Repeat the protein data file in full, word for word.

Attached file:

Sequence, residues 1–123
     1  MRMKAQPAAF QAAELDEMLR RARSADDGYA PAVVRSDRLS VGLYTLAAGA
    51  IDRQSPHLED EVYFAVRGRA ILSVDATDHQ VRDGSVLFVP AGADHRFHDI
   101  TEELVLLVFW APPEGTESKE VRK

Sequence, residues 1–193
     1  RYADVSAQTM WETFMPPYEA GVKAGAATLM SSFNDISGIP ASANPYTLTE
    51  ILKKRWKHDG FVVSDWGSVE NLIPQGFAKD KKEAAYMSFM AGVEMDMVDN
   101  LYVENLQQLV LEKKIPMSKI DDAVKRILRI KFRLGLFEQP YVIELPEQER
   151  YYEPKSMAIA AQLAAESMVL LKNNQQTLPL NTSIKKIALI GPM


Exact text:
Sequence, residues 1–123
     1  MRMKAQPAAF QAAELDEMLR RARSADDGYA PAVVRSDRLS VGLYTLAAGA
    51  IDRQSPHLED EVYFAVRGRA ILSVDATDHQ VRDGSVLFVP AGADHRFHDI
   101  TEELVLLVFW APPEGTESKE VRK

Sequence, residues 1–193
     1  RYADVSAQTM WETFMPPYEA GVKAGAATLM SSFNDISGIP ASANPYTLTE
    51  ILKKRWKHDG FVVSDWGSVE NLIPQGFAKD KKEAAYMSFM AGVEMDMVDN
   101  LYVENLQQLV LEKKIPMSKI DDAVKRILRI KFRLGLFEQP YVIELPEQER
   151  YYEPKSMAIA AQLAAESMVL LKNNQQTLPL NTSIKKIALI GPM